Tennessee Tech’s role in the economic development of the State of Tennessee continues to grow, reaching more than $1 billion in gross domestic product impact. For the Upper Cumberland, Tech’s impact is more than $600 million.
Each year, Tech conducts a footprint analysis to determine its economic impact across the Upper Cumberland and throughout Tennessee. The 2017-2018 report shows increases with regards to employment, gross domestic product, output, and personal income across the region and state.
“At Tech, we know that the university, the region and the state are all best served when we partner together,” said Phil Oldham, president of the university. “Th1is annual report shows the growth of Tennessee Tech’s economic impact not only in the Upper Cumberland, but throughout the state.”
The Upper Cumberland footprint analysis shows that Tech created 6,757 jobs, an increase from the 2016-2017 number of 5,924 jobs; a gross domestic product of $633 million, an increase from the previous $572 million; an economic output of $1.03 billion, an increase from the previous $1.01 billion; and personal income of $507 million, an increase from the previous $487.5 million.
The Upper Cumberland region includes Cannon, Clay, Cumberland, DeKalb, Fentress, Jackson, Macon, Overton, Pickett, Putnam, Smith, Van Buren, Warren and White.
Tech’s economic impact also increased across the state. The updated numbers show that the state benefits from the existence of the university with annual gains in employment (11,980 jobs), $1.24 billion in gross domestic product, $2.04 billion in output, and $1.03 billion in personal income.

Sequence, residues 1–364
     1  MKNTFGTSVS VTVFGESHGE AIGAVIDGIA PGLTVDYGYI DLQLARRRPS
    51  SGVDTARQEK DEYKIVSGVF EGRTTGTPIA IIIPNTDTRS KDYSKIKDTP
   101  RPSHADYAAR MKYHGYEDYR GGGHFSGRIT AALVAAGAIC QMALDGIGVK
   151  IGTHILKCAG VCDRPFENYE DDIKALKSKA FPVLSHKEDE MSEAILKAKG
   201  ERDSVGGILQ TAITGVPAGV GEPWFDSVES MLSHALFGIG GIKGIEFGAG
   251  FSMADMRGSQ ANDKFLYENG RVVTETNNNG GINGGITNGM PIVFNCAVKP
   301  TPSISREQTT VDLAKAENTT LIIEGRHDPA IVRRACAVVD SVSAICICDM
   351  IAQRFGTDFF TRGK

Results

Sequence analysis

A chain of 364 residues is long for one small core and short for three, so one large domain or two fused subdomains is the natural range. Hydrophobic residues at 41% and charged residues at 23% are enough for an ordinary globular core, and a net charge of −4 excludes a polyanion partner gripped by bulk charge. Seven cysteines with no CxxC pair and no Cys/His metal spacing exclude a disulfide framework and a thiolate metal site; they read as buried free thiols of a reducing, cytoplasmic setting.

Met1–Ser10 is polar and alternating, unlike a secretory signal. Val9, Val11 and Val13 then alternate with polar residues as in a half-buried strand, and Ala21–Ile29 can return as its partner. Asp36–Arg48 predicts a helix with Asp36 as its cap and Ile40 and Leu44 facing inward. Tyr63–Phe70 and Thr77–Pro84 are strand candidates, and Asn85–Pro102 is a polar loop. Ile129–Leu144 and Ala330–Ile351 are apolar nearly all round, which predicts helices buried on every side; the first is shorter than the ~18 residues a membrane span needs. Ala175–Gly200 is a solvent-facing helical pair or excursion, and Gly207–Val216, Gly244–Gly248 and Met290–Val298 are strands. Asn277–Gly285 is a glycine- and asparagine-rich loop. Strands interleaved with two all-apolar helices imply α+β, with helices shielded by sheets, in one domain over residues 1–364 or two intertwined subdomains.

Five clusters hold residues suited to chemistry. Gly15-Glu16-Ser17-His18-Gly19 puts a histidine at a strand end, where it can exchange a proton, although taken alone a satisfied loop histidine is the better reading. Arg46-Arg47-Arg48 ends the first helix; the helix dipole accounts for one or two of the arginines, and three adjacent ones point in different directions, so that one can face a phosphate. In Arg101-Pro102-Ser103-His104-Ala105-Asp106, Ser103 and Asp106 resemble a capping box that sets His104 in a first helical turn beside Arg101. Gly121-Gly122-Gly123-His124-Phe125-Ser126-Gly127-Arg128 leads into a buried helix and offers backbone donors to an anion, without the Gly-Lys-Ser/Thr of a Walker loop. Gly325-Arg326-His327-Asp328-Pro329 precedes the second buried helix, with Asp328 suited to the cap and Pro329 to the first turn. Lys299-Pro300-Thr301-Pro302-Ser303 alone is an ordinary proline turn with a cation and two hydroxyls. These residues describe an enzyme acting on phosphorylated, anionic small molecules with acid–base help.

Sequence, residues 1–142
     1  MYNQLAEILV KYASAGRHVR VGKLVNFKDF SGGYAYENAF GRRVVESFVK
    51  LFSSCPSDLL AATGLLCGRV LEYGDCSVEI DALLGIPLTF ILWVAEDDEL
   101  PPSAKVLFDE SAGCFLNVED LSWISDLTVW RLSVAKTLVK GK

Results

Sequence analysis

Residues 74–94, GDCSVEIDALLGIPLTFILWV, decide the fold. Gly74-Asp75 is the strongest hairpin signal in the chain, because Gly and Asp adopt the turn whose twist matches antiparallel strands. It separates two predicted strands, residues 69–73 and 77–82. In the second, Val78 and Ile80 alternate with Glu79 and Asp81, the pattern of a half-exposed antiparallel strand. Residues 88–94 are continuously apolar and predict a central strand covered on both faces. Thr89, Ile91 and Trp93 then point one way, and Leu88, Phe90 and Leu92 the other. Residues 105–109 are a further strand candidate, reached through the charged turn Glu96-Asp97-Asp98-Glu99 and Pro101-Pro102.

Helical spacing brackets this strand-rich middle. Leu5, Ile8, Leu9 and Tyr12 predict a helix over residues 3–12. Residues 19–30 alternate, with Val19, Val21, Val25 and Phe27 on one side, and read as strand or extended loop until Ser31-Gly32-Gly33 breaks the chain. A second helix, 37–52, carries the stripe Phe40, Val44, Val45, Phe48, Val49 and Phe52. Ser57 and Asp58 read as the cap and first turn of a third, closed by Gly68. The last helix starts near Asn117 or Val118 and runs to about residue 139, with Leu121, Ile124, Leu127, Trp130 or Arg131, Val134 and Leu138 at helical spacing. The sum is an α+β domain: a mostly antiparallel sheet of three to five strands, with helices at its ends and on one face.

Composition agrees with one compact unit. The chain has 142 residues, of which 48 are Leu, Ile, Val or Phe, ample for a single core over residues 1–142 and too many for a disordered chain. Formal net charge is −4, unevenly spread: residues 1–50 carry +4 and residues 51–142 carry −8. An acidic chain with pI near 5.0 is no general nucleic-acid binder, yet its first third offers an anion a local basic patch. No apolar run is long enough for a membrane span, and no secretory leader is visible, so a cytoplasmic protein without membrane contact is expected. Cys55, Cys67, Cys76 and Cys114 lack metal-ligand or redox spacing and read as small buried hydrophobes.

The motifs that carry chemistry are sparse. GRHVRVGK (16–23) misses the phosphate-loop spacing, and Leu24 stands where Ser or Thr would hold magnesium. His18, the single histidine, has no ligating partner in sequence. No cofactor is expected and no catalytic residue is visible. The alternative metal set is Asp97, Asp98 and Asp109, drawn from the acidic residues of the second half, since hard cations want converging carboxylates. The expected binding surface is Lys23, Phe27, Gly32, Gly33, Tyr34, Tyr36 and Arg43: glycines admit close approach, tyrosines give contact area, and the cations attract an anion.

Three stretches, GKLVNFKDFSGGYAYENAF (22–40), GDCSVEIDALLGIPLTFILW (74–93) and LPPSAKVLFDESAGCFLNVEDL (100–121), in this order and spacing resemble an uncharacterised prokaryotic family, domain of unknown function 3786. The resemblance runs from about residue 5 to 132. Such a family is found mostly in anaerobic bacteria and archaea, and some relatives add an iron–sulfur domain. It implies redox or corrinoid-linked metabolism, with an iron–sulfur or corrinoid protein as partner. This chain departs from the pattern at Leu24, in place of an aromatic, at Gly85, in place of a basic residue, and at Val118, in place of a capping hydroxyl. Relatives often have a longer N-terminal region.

For every one dollar appropriated to Tech in 2017-2018, the university produced a nearly $27 impact on GDP ($46.2 million appropriation to $1.2 billion GDP).
“Tech produces a very high return on Tennessee’s investment,” Oldham said. “This reflects that Tech graduates have the highest starting salaries of any public university in the state, and that more than 75% of our graduates stay in Tennessee and continue to contribute to the state’s economic growth.”
The analysis also looks at graduate earnings and employment. During 2017-2018, the university conferred 2,564 degrees: 2,178 bachelor’s, 334 master’s, 33 education specialist degrees and 19 doctorates. Alumni records reveal that 26% of Tech graduates find employment within the Upper Cumberland region, and an additional 50% obtain a job in the state.
The population of 10,186 students also had significant effects on the local economy with regards to personal, transportation and housing expenditures. The analysis states that 700 jobs were created, $45.5 million in gross domestic product, $73 million in output, $83.8 million in personal income and $69.4 million in real disposable personal income.
Two big building projects and renovations also play a role in economic impact. In the Upper Cumberland alone, more than 300 jobs have been created with a $37 million output.
Tech is in the midst of a building boom, with more than $250 million in construction projects recently completed, underway or in planning, including a $52 million student recreation center, a $90 million lab sciences building, and a $55 million engineering building. Given the muiltiyear construction on these large projects, their economic impact in producing jobs and purchasing materials is spread out.
The university has also been renovating many existing academic buildings and residence halls.
“We are undergoing a level of construction that Tech hasn’t seen since the ‘60s,” Oldham said. “We appreciate that our campus growth not only will provide benefits to future students, but has an immediate positive economic impact on the community.”